The IT outsourcing sector in India, an industry that has grown to immense strength over the last decade and become a major contributor to the country's export revenue, is presently looking rather cautiously into the future.
Several factors make it difficult to predict how the industry will develop in the current fiscal year: the Eurozone crisis and subsequently weaker orders from Europe, the recently announced US House Bill 3596 entitled Call Centre and Consumers Protection Bill, which would encourage insourcing by US firms and penalise those dealing with business process outsourcing (BPO) firms abroad, and the strong competition in BPO emerging from the Philippines and other countries.
Industry representatives have mixed views. Some remain optimistic and say the situation is not as bad as it was during the global financial meltdown in 2008.
"We are cautious about the outlook for the ensuing fiscal [year 2012-13] due to concerns over the Europe crisis," the president of the Indian National Association of Software and Services Companies (Nasscom), Som Mittal, told Indian news agency IANS earlier this month. However, so far he expects software exports to be in line with the projected 15 to 17 per cent growth, from generating about $70 billion (about Dh257 billion) in 2011-12 as against $59 billion in 2010-11.
One contributor to this growth is also the depreciating rupee, but this will only be a short-term effect, according to Mittal, because despite the weaker currency improving operating margins and profitability of software export firms, they will have to anticipate losses in hedging at a higher rate.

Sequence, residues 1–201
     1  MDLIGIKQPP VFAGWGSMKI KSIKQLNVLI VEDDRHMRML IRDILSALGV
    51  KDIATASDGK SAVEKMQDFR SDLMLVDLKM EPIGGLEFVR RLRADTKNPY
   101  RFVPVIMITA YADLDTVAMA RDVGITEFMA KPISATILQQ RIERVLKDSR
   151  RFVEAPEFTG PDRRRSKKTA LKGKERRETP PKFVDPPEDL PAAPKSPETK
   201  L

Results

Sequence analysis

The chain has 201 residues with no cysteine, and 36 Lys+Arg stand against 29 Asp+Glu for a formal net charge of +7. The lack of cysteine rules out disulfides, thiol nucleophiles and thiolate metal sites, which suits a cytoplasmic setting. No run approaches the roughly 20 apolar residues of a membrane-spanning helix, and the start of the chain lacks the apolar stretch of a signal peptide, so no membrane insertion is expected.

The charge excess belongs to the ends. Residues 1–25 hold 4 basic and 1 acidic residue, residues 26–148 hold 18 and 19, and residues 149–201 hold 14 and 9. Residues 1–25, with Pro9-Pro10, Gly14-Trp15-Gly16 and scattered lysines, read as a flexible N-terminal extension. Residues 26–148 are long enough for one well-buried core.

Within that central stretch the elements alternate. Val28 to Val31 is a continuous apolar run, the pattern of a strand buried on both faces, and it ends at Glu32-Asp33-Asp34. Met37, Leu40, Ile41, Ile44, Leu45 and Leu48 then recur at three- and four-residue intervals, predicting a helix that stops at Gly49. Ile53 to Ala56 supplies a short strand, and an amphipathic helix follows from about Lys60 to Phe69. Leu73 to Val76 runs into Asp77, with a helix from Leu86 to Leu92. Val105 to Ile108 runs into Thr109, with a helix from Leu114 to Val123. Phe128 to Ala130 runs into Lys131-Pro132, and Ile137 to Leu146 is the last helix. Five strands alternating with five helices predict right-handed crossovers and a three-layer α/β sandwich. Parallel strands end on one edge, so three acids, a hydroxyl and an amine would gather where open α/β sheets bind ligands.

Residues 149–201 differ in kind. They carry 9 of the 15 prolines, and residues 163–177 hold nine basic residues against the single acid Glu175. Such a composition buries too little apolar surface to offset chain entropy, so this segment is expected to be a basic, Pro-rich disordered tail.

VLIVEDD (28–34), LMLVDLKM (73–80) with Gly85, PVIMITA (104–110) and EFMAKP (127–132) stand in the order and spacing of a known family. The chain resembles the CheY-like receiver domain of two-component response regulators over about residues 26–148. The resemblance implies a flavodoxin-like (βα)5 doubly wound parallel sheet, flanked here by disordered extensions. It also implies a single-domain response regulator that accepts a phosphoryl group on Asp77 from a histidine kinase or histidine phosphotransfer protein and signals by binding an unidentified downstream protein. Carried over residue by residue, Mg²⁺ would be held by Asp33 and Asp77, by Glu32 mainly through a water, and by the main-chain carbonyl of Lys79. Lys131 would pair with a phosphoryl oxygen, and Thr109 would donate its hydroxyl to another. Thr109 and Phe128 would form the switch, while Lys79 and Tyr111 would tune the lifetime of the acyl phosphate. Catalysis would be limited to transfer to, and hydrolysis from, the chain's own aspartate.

As opposed to Mittal, Sudin Apte, CEO of advisory firm Offshore Insights and an expert on the Indian IT sector, said in a recent survey published in December that 40 per cent of global IT firms will keep their 2012 IT budgets flat. He believes India's export of IT services will record single-digit growth in 2012-13.
The US protection bill will be a major issue for India's IT industry in the long term. Tabled in December, it seeks to rein in IT outsourcing by US companies by making them ineligible for US federal grants for the next five years. It also aims to put stringent mandates on the operations of voice-based outsourcing services or call centres. The bill will also penalise US call centres with a fine of $10,000 per day for failing to report relocation to an offshore location to the US Department of Labour. The bill will have to pass US Congress before being enacted, but is expected to do so prior to US elections in November this year.
India has raised objections against the bill, calling it a protectionist measure. "It is indeed disappointing to see the US adopting protectionist measures like these that restrict free trade and establish discriminatory trade practices. US lawmakers seem to have developed the practice of unfairly taxing companies working overseas, to pay for domestic issues," Nasscom said in a December statement.
Last year, the BPO export segment in India grew 14 per cent to $14.1 billion. Of this, the voice-based services, the target of the US bill, contributed around $6 to $7 billion, according to Nasscom figures.